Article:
Millions of dollars have been invested by 100s of natural resource organizations in past decades to measure habitat conditions, water quality, and biological attributes throughout the 5.5 million stream kilometers in the contiguous U.S. Much of those data could be used with spatial-stream models to develop novel insights, improve predictions at unsampled sites, perform status and trend assessments, and design efficient monitoring strategies. Brief descriptions of some open-access stream databases and hyperlinks to relevant websites or contact persons knowledgeable about accessing the data are given below. Users interested in modeling these data are responsible for understanding their characteristics and should conduct a thorough review of all metadata and any associated publications prior to using them in a spatial analysis. If you are part of a group that has developed a significant database of stream measurements available from a website and would like to have it described on this website, please contact us regarding the possibility.
1. MARIS (Multi-State Aquatic Resources Information System) is a cooperative effort between state and federal agencies to share fisheries information collected as part of ongoing sampling programs. MARIS contains >1,000,000 fish sampling and water quality records for >1,000 fish species compiled from state fish and wildlife agency and other sampling programs. The data and metadata are openly distributed through the project website. For more information, contact Andrew Loftus (firstname.lastname@example.org; 410-295-5997).
2. NAMC (National Aquatic Monitoring Center) is a cooperative venture between Utah State University and the U.S. Bureau of Land Management to encourage and foster scientifically sound watershed monitoring programs on public lands. A primary focus at NAMC is the processing of aquatic invertebrate samples and increasing the consistency and quality of aquatic resource assessments. The MAPIT (Mapping Application for Freshwater Invertebrate Taxa) online tool allows users to map and download a spatially explicit database that contains > 1.5 million records of freshwater invertebrate taxa. For more information, contact Scott Miller (email@example.com; 435-797-2612) or Chuck Hawkins (firstname.lastname@example.org; 435-797-2280).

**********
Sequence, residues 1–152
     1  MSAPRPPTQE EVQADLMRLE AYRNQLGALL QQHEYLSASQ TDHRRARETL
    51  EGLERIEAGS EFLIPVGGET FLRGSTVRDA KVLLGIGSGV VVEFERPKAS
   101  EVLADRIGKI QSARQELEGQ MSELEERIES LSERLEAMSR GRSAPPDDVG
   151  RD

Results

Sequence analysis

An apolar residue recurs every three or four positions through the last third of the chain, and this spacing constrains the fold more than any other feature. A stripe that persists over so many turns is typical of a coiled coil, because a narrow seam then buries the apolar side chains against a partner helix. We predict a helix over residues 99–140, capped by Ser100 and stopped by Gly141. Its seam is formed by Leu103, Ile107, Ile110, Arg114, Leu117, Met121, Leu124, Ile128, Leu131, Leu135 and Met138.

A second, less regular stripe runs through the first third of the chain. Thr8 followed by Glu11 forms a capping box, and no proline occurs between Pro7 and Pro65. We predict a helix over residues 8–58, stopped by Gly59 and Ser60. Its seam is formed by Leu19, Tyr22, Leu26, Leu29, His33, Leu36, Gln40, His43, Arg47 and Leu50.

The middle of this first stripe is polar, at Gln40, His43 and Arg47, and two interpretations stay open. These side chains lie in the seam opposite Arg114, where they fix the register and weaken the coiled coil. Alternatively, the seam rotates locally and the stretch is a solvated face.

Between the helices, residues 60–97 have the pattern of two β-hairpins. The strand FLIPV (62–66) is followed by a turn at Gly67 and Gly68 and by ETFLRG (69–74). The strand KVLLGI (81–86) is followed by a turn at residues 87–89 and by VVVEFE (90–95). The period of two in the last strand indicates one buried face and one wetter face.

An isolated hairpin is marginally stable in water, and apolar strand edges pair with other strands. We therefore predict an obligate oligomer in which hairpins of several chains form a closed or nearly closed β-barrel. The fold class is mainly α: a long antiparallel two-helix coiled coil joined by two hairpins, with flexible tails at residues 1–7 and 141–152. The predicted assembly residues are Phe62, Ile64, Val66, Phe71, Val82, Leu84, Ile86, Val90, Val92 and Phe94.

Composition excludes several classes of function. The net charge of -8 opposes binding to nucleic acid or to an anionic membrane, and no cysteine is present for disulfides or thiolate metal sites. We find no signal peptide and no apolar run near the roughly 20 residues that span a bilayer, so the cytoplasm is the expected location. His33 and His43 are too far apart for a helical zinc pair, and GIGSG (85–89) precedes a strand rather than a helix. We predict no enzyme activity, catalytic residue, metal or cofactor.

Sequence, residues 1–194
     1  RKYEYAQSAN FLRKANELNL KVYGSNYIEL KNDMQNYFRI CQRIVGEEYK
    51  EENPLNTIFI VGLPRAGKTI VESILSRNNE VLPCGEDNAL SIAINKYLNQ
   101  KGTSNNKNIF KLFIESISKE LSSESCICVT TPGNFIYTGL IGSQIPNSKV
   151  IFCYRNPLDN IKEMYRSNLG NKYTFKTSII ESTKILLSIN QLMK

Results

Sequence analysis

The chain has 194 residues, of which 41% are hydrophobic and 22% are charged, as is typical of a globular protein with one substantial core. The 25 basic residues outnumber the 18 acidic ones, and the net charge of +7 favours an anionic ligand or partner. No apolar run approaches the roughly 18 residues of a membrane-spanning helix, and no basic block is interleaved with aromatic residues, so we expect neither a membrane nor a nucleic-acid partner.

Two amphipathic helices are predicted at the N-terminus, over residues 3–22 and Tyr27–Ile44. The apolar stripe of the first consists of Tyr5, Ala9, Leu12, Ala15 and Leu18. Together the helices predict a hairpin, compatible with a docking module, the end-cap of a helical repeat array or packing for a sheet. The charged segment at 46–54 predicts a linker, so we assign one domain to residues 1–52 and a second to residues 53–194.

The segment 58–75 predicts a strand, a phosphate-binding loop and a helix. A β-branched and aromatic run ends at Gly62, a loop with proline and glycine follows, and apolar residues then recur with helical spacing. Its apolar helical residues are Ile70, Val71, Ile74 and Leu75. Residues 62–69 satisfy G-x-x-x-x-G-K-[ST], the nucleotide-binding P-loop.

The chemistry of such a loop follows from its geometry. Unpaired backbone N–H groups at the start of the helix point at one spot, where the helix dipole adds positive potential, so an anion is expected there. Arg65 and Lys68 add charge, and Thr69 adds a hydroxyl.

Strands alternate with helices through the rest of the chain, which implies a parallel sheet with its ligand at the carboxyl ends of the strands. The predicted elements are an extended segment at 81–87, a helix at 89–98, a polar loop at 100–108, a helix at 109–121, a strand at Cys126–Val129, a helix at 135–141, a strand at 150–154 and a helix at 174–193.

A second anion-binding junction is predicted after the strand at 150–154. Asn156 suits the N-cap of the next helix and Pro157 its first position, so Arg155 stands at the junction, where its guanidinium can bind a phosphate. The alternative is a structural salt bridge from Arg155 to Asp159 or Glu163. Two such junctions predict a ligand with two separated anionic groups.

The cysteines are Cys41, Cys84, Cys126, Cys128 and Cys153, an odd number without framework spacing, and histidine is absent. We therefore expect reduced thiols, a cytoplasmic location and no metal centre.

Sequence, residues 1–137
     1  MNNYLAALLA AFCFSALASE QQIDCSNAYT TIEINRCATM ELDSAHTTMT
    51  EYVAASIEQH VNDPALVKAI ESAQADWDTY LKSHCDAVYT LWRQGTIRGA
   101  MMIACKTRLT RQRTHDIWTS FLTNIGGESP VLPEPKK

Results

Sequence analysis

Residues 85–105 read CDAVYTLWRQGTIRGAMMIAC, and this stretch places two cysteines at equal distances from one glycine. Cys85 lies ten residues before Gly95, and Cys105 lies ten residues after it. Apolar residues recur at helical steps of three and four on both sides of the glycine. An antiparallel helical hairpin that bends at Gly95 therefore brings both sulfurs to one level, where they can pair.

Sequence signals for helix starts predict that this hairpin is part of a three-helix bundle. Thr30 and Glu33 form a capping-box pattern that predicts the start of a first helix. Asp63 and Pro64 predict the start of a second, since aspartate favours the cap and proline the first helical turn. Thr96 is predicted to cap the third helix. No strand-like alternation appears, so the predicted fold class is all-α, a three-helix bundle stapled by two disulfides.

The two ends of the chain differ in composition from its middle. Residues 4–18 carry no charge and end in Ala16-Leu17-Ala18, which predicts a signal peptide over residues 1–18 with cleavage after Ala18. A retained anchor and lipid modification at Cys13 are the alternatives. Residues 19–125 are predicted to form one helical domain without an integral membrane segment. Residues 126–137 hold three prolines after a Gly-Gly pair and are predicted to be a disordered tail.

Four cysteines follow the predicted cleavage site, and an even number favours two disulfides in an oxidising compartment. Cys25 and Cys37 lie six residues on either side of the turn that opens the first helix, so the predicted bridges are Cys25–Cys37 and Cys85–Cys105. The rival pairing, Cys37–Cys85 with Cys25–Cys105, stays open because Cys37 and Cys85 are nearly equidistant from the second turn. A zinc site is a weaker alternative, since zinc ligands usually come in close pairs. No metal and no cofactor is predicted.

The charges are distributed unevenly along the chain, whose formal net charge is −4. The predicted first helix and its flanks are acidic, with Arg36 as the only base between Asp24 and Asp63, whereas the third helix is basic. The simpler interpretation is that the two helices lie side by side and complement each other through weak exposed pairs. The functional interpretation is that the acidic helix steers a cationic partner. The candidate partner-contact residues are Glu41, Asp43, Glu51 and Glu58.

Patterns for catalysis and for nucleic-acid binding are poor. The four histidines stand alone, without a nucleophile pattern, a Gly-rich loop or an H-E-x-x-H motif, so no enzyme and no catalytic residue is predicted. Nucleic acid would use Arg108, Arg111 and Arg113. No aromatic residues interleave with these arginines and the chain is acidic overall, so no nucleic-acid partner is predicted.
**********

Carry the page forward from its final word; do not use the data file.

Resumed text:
3. USGS BISON (Biodiversity Information Serving Our Nation) is a database for occurrence data of aquatic and terrestrial organisms throughout the United States. Data were contributed by various U.S. Federal and State agencies, universities, and non-profit organizations, either directly to BISON or indirectly through their participation in the Global Biodiversity Information Facility (GBIF). BISON was initiated with millions of species records from GBIF and is integrating new records from other sources each year. For more information, visit the project website or email email@example.com.
4. USGS Aquatic BioData Retrieval system provides access to aquatic bioassessment data (biological community and physical habitat data) collected by USGS scientists from stream ecosystems across the nation. Data consist of >15,000 samples of fish-, aquatic macroinvertebrate-, and algae-community samples and conduct stream physical habitat surveys. For more information, visit the project website.